Bass ukuleles are growing in popularity. Lower basses need a longer string length and large body to achieve that deep, robust sound and make it loud enough. But, is bigger really better? Our bass ukulele review will tell us whether bass ukes can be replacements for bass guitars and whether they are worth the investment.
What is a bass ukulele?
A bass ukulele is a cross between a tiger and a lion, oops wait that would be a liger. It's actually a hybrid of a bass guitar and a ukulele. You may be saying - How is this possible?
They are still tuned in the standard guitar bass tuning of E-A-D-G. The bass ukes run about 21 inches long and have 16 frets. Essentially, a large ukulele, or a mini bass guitar!
How does a bass ukulele work?
The bass ukuleles are equipped to get the sound of a bass guitar. This is through a slightly bigger body than your average uke size, and with polyurethane strings.
In Jim D'Ville's video below, you can see how the strings roll off the pads of your fingers. This creates a different sound compared to pulling the string with your fingernail. I really enjoy the deep, rich sound the Kala UBass makes.
I enjoyed Jim D'Ville's video on bass ukuleles. In the video, you can really see the difference in the strings. Plus, he does a great job of showing you how he plays it and comparing to ukes and guitars.
The polyurethane strings are a little different, especially if you are a regular ukulele player. These strings are thicker and more rubbery. They also take a little bit longer to settle into tune. If you don't like the polyurethane strings, there are other options out there, but a bit harder to find.
How is a bass ukulele different than a bass guitar or a standard uke?
If you're considering purchasing a bass ukulele, I would highly recommend also buying an amp. Bass ukes aren't technically an acoustic guitar, even though it's hollow. Due to the smaller body, the sound doesn't have as much room to bounce around and project.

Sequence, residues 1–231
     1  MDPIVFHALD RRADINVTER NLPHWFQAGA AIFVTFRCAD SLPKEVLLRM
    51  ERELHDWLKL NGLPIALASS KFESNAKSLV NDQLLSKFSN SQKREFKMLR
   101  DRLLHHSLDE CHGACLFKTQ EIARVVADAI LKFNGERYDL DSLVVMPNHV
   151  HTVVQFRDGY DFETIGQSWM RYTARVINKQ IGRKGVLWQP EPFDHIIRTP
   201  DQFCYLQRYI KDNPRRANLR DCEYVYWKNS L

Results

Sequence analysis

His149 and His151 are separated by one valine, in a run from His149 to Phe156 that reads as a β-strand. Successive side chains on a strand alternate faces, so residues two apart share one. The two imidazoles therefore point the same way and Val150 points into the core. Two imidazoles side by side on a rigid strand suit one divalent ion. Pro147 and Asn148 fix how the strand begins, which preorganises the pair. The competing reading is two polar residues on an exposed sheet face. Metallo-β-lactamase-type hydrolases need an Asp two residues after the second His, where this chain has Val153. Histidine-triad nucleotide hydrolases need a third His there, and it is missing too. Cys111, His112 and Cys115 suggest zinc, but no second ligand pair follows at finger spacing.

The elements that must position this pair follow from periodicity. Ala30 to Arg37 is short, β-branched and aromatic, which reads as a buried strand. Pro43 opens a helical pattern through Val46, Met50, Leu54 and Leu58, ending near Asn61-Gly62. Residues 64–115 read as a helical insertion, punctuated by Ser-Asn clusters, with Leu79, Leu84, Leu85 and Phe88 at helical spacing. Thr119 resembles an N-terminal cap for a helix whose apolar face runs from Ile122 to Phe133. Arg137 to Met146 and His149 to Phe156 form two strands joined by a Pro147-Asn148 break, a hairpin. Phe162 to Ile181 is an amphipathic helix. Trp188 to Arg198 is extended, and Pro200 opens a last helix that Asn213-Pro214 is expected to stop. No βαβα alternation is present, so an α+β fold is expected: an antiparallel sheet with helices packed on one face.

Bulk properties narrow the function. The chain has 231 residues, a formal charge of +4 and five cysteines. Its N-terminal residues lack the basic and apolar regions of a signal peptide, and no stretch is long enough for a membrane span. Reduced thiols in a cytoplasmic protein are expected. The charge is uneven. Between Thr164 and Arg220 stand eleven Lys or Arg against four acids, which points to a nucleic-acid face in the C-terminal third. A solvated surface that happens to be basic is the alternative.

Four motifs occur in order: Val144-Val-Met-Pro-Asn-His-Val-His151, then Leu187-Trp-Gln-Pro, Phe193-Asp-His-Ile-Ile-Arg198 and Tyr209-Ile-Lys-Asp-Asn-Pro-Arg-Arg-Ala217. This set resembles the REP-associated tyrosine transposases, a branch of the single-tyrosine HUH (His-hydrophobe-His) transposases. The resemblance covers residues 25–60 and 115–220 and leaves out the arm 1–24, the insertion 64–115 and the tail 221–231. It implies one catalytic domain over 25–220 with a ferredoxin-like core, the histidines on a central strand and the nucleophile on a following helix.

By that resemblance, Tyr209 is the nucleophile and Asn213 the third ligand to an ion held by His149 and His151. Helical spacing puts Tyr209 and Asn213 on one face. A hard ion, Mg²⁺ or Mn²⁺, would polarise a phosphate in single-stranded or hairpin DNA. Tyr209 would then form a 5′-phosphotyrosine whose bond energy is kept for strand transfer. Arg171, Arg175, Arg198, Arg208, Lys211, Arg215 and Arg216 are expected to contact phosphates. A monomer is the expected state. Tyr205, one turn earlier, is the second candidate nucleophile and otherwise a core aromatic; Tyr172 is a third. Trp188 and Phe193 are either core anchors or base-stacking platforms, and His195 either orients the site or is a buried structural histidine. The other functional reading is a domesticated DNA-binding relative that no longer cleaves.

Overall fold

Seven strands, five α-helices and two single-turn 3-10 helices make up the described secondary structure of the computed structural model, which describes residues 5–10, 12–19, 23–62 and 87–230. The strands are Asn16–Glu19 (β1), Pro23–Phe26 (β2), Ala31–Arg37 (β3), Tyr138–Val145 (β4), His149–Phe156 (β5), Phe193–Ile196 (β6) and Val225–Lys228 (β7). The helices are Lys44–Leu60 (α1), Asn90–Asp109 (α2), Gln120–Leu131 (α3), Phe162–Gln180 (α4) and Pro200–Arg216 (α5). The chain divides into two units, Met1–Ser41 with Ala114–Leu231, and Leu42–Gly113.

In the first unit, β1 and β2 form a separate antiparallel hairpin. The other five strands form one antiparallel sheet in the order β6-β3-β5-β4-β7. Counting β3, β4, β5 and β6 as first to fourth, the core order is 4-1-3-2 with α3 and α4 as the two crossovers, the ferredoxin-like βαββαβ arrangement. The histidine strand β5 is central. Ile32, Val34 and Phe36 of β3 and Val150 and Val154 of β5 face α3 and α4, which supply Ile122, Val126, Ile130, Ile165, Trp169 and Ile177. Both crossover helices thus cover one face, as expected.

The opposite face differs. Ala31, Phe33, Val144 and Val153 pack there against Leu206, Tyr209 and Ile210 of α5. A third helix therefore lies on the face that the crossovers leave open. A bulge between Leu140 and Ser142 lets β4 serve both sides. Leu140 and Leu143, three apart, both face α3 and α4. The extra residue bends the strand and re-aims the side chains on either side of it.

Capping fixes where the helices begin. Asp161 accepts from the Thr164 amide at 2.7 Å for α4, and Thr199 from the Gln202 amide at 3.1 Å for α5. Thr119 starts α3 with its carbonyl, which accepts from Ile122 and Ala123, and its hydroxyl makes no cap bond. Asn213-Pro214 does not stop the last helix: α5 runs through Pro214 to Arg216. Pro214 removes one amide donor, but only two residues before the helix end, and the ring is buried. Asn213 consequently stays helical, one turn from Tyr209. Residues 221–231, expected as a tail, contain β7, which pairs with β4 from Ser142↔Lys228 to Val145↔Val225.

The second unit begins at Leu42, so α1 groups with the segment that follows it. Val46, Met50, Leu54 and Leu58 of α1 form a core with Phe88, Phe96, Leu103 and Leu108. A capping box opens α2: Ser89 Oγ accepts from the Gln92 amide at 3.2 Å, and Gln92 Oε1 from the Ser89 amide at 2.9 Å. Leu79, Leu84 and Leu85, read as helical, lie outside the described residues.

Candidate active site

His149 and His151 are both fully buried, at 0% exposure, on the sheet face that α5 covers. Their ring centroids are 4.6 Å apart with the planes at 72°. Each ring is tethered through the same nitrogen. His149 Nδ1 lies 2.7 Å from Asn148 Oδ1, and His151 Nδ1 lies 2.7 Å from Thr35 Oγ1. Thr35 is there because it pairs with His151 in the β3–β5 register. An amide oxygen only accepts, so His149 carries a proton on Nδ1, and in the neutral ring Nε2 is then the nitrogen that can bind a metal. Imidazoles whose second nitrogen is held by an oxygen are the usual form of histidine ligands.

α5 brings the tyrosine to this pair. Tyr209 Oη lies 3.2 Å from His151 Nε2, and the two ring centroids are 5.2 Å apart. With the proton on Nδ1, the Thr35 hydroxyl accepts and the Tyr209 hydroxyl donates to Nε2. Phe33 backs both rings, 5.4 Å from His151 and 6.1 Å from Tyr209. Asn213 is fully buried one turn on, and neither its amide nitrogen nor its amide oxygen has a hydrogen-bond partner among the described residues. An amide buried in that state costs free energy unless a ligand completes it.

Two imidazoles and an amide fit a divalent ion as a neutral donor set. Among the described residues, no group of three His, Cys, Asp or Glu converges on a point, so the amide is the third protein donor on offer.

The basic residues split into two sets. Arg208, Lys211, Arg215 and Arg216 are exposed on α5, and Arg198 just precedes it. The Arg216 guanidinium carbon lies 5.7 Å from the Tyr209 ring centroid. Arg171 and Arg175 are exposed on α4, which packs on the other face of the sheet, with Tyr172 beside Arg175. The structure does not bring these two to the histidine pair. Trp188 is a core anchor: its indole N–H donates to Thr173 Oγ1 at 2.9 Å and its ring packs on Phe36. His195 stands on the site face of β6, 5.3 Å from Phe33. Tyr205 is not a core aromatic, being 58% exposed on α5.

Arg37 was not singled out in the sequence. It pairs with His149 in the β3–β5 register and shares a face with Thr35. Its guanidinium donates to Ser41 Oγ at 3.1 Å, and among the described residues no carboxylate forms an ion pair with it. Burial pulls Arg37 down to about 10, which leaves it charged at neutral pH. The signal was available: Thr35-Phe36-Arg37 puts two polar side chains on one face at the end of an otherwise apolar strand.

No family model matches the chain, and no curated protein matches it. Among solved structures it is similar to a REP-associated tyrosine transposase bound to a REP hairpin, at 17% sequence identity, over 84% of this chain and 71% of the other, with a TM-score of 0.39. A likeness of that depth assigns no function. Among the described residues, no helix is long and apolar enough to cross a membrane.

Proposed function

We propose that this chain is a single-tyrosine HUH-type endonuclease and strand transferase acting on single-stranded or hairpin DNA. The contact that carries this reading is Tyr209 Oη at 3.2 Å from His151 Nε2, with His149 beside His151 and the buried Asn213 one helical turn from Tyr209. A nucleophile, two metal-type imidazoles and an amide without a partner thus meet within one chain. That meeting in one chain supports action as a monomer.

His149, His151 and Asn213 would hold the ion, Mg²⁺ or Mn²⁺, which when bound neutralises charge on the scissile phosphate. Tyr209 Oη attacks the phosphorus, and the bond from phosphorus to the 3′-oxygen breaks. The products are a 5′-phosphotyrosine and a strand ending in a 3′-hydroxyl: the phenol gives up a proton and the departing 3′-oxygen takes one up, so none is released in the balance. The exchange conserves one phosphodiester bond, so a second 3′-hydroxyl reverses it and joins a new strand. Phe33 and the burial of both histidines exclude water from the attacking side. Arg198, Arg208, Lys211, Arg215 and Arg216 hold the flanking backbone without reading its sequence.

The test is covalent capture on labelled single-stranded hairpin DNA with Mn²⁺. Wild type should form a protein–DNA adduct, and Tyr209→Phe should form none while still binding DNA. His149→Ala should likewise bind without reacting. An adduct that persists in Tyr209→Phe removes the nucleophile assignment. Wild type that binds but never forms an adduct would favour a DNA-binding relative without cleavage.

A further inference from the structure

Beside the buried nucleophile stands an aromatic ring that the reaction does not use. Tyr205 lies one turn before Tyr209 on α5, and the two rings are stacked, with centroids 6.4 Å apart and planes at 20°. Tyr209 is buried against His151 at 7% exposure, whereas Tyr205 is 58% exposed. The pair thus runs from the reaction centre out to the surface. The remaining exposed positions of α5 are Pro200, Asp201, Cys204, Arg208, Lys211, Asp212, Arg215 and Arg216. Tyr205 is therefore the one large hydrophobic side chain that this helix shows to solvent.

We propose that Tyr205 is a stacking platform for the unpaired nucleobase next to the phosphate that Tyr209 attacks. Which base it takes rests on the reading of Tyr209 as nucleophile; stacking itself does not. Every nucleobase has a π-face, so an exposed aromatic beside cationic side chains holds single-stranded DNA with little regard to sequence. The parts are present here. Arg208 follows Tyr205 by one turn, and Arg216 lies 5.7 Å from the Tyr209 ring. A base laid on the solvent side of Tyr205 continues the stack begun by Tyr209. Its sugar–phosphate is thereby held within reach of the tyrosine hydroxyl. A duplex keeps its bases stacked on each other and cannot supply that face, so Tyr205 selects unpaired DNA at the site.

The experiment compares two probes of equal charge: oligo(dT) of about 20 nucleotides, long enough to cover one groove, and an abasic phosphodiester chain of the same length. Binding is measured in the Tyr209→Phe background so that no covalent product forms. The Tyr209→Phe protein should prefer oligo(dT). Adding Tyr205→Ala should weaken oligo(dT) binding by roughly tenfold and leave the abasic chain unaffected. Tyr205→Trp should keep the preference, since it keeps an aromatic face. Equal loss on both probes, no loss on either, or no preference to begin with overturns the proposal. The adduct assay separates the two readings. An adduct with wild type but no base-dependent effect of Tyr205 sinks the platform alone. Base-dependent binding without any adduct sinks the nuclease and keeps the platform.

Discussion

The low string tension and short scale make for a slightly quieter instrument. If you're a bass guitarist, you know that unplugged, they don't produce a lot of sound. I think it's fine when playing by myself in a small room, but for performances, you'll need an amp!
If you are used to playing a bass guitar, it'll take some time to adjust to the smaller fret spaces. You may even need to do some finger exercises to get used to the tightness.
I would also suggest getting a good strap for your instrument. When I play a soprano uke, I have no problem supporting the weight between my fretting hand and my chest. Due to the extra size of the bass ukulele, you'll need a strap to support the added weight.
What kind of bass ukulele should I buy?
Bass ukes aren't as main stream as your regular bass or ukulele. Unfortunately, we don't have unlimited options to choose from, but we've got our preferred Kala U Bass Ukulele Review below.
The Kala U Bass is the same bass ukulele in Jim D'Ville's video. The Kala brand is my favorite, because they create a budget-friendly product that doesn't skimp on quality. The sound and tones are strong and clear.
The U Bass has a the neck and body of a baritone ukulele. The neck is made of mahogany and a rosewood fingerboard and bridge, with custom designed polyurethane strings. You still have a uke sized fretboard, so get those fingers warmed up.
The U Bass and the custom strings create a good, slappy bass sound that's great for funk music. You can even play it upright if you prefer.
The price is significantly steeper than what you would pay for a normal ukulele, but you are also getting an instrument outside of what I'll call "main stream." If you're looking to create a unique sound to your music, look no further than the Kala U Bass.
Still not sold on the bass ukes? Take a look at this awesome video by Cranbourne Music and feast your ears on the wonderful playings of the Kala Mahogany U-Bass,